X2-: X-MEN UNITEDPG-13
Bursting with action, X2: X-Men United is a double rarity: a sequel that improves on the original, and a big-budget blockbuster that actually has something to say. With complex characters, a fast-paced plot and dazzling special effects, the film stakes an early claim in the summer box-office competition.
X2 picks up right where X-Men left off. Professor Charles Xavier (Patrick Stewart) is still fighting government attempts to reign in mutants. Wolverine (Hugh Jackman) has gone to frigid Alkali Lake to find out more about his past. Telepathist Jean Grey (Famke Janssen) wonders if she should have chosen Cyclops (James Marsden) over Wolverine. Rogue (Anna Paquin) has a new boyfriend, Bobby (Shawn Ashmore), a mutant nicknamed Iceman for his freezing powers. And Magneto (Ian McKellen) is still being held prisoner is a specially designed plastic cell.
When Kurt Wagner (Alan Cumming), a mutant known as Nightcrawler, attacks the White House, almost pinning the President to his own desk in the Oval Office, the evil Col. William Stryker (Brian Cox) sees an opportunity to rid the planet of mutants once and for all. His first target: Xavier's prep school in upstate New York. Stryker's nighttime attack puts Wolverine on the run with Rogue and her friends.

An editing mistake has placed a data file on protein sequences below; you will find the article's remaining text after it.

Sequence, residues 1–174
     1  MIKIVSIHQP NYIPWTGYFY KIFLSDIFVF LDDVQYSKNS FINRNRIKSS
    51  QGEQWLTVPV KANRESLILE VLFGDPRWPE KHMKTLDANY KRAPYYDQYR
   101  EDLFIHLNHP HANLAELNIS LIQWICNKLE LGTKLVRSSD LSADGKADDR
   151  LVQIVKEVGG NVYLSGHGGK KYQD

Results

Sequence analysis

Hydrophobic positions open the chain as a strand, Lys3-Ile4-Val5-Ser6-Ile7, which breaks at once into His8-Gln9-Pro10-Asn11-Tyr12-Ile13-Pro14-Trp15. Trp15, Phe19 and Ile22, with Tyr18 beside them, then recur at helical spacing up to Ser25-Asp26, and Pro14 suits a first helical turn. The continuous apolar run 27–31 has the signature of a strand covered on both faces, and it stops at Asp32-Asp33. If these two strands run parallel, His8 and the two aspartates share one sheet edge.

While Jean and Storm (Halle Berry) track down Nightcrawler, Mystique (Rebecca Romijn-Stamos) engineers Magneto's escape. She's found clues that Stryker is building a new version of Xavier's Cerebro supercomputer. To his amusement, Magneto must team up with his arch-rival Xavier to defeat Stryker. They meet in an underground compound, where Wolverine is pitted against Deathstrike (Kelly Hu), while Jean finds herself fighting Cyclops.
Director Bryan Singer adopts a bold, graphic style, using skewed angles and tight close-ups to approximate the look of comic books. His approach is especially effective in the bravura opening, as Nightcrawler decimates White House Secret Service agents, or when Storm and Jean try to dodge heat-seeking missiles in the X-Men jet. The action throughout is a seamless synthesis of stuntwork and state-of-the-art special effects that leaves viewers giddy with excitement.
Singer is adept with intimate details as well. 'Don't show off,' Xavier warns the mutants at one point, and it's advice the cast takes to heart. The shrewd screenplay lets the actors remain true to their characters' histories, while punctuating almost every scene with troubling ambiguities. Singer also honors the comic book's left-wing tone. X2 raises pertinent questions about personal freedom and the dangers of an unchecked military, a risky move in today's political climate. Judging by how the camera favors Mystique's breasts when Magneto has a chunk of exposition to deliver, the filmmakers haven't lost track of their core audience either. In fact, there are very few mistakes in X2, leaving everything in place for the next sequel.